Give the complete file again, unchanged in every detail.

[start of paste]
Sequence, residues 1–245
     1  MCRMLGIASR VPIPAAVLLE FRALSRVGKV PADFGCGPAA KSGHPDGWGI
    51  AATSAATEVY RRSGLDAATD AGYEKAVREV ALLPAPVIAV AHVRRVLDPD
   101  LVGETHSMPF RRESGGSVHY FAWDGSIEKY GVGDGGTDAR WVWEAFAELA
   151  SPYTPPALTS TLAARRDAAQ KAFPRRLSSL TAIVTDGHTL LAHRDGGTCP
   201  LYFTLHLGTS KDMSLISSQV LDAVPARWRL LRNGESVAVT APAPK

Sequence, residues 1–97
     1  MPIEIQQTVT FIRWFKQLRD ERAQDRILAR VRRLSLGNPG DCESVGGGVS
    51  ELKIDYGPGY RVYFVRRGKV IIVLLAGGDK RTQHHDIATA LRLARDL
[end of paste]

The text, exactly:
Sequence, residues 1–245
     1  MCRMLGIASR VPIPAAVLLE FRALSRVGKV PADFGCGPAA KSGHPDGWGI
    51  AATSAATEVY RRSGLDAATD AGYEKAVREV ALLPAPVIAV AHVRRVLDPD
   101  LVGETHSMPF RRESGGSVHY FAWDGSIEKY GVGDGGTDAR WVWEAFAELA
   151  SPYTPPALTS TLAARRDAAQ KAFPRRLSSL TAIVTDGHTL LAHRDGGTCP
   201  LYFTLHLGTS KDMSLISSQV LDAVPARWRL LRNGESVAVT APAPK

Sequence, residues 1–97
     1  MPIEIQQTVT FIRWFKQLRD ERAQDRILAR VRRLSLGNPG DCESVGGGVS
    51  ELKIDYGPGY RVYFVRRGKV IIVLLAGGDK RTQHHDIATA LRLARDL